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Since 1st March, 1999
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Consumers pull the plug on tall-claim ads

Mumbai, June 7: Even as the country was immersed in cricket, the election opera and the more conventional soaps, several advertisements featuring the biggest brands recently made a quiet exit following consumer complaints.

The Advertising Standards Council of India (ASCI) — a self-regulatory body set up by the advertising industry — has released a list of 15 commercials that advertisers withdrew or modified after the ASCI’s Consumer Complaints Council upheld complaints between January and March.

This would indicate that the advertising fraternity takes criticism seriously, sometimes for its own benefit.

Consumers had objected to not just the moral and social message of the adverts, but even the facts they were supposedly based on. In some cases, though, the ASCI took note of the ads suo motu.

A number of complaints were prompted by lack of data to support the superlatives claimed for the product.

The LG Plasma Gold air conditioners ad which said: “When you can give them the healthiest air in the world, why take chances'” — was withdrawn after complaints that there were no technical, industry or market figures to prove that LG’s air is the “healthiest” in the world.

The brand LG print ad, which claimed “no. 1” status even though this was not “substantiated with authentic industry/market data” met a similar fate.

The promotional messages on Nestle Milo packs were modified for the same reason.

The packs claimed Milo was the “world’s largest-selling chocolate energy drink” and “over 20 million cups were enjoyed every day”, but neither claim was substantiated.

The print ad for Philips Slimlite was discontinued for consumers felt it to be misleading since its claim that the light “lasts 30 per cent longer, saves 10 per cent electricity” compared to “ordinary tube lights” did not have an independent research agency endorsing these figures.

Liquor also suffered. The Bagpiper Soda ad, which Herbertsons Limited has said will be modified, came with the baseline “India’s largest. World’s No. 3”. It was pulled up by the ASCI for being misleading — it showed soda while it seemed to refer to whisky.

United Breweries was also told off by the council because an ad for London Pilsner beer was headlined: “Ab cold drink out”, implying it was a substitute for soft drinks. The words “Pint glasses” had been slipped in inconspicuously.

Much like the Fair and Lovely campaign that attracted flak for suggesting a man marrying a dark girl was unlucky, a Maruti Zen ad has also come under fire.

The ASCI, again acting on its own, felt the “New Zen with Katalyst System” ad showing a young woman with the copy: “Sleek. Feline. Sophisticated. Surrender to the new Zen”, reinforced sexist stereotypes.

A Bharat Gas ad was modified following complaints of bad taste — it showed a child telling his younger brother with a dismissive shake of the hand that their mother is crazy.

A Daewoo fridge ad that showed an old man sitting inside a fridge and closing the door was modified since it was feared it could encourage children to repeat the potentially fatal act.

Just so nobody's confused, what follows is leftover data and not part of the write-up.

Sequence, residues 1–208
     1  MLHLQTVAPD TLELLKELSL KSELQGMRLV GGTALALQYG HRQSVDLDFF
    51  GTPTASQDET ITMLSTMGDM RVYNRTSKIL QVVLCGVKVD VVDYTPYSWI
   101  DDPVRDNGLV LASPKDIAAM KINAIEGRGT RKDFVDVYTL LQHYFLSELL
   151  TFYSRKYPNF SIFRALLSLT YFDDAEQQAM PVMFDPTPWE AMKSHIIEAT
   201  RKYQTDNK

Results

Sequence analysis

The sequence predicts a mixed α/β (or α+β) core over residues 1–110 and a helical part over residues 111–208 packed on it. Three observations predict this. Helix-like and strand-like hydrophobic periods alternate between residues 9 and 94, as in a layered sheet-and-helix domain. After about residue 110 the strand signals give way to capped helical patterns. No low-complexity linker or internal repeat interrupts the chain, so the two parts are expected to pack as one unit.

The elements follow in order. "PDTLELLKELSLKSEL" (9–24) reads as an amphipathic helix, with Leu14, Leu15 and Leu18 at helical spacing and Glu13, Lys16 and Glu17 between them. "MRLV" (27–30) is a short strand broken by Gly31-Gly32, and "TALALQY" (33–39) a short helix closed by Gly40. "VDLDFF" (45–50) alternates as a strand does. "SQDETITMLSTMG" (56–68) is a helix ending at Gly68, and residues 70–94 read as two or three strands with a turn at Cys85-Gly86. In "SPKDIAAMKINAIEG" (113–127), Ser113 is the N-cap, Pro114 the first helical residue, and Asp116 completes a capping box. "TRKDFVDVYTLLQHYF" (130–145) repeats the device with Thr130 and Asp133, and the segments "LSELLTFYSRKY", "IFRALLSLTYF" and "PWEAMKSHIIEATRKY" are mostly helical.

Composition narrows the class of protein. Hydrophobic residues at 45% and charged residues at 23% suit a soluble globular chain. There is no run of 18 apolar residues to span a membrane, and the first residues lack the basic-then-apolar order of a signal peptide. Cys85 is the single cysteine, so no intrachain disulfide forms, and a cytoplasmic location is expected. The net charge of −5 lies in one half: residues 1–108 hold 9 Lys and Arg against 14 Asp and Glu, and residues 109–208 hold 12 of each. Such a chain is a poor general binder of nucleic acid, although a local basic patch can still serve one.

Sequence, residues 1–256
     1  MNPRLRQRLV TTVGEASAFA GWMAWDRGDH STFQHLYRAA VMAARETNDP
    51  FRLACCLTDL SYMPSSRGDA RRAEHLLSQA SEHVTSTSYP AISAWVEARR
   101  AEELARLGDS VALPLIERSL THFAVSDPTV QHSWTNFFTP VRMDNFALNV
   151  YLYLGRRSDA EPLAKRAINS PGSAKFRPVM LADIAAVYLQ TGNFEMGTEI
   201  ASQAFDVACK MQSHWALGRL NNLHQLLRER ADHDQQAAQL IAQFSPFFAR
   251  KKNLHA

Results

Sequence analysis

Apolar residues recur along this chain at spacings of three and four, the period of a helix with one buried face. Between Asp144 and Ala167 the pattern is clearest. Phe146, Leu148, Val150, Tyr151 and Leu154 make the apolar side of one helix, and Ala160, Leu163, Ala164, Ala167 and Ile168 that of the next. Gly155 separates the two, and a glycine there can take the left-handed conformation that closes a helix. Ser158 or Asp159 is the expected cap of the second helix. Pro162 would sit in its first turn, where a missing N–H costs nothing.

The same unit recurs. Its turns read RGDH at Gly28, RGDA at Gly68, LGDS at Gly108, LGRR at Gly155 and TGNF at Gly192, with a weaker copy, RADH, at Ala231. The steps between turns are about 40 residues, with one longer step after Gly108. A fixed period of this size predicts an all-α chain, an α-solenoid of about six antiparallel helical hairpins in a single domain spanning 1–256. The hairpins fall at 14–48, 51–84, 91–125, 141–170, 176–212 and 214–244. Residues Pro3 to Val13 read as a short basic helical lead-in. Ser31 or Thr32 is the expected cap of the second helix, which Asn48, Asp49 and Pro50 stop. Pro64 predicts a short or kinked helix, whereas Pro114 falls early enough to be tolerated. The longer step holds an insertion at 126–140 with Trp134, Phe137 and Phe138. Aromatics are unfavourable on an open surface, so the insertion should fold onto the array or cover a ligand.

An LML Freedom Motorcycle ad was axed because the bike-rider was adept at flouting every traffic law – not quite the example the public should be set.

The Dabur Chawanprash ad showing a child standing on a sloping tiled roof in heavy rain holding a TV antenna to enable his grandmother watch Ramayana on television, was modified out of fear that children may try and emulate it.

Godrej’s Advanced Intelligel Treatment, a cockroach control product, was discontinued because it mentioned pest control in general and said: “Ensures that everyone stays at home during pest control” — another potential disregard of safety.

An ASCI spokesperson said the withdrawal of ads showed that consumer power prevailed and should be exercised freely.

Advertising professionals explain why commercials are modified or withdrawn promptly. Prasoon Joshi, the man behind Aamir Khan’s Coke ads and national creative head, McCann Erickson, the agency that made the Dabur ad, says: “The advertising community is very sensitive to such issues. We are responsible citizens and we behave accordingly while making the ads.

“When there is a complaint, not only from the ASCI, but from anyone, we react promptly because we do not want to hurt the sentiment of anyone and also because we do not want to harm the brand image, because it’s the consumers that we are finally trying to reach out to. If they are disgruntled, who will the buy the product'” Joshi adds.

But he says a grey zone persists. “There are areas that are difficult to depict — like children as domestic servants. It is a societal truth — but what message is given out of their depiction as such in an ad'

“And ads have to constantly aspire to break the clutter – that’s why we try to do something different and out-of-the-way. But timely criticism like this always brings us back,” Joshi adds.

Other ad gurus feel the same way about the regulation. R. (Balki) Balakrishnan of Lowe, which created the Fair and Lovely campaign and the Bharat Gas ad, says in most cases advertisers abide by ASCI recommendations.

Piyush Pandey, who heads Ogilvy and Mather, echoes him. “The ASCI is a body set up by the industry and we accept its recommendations by and large. But there also bodies within television channels, including DD, that watch over ads,” he says.

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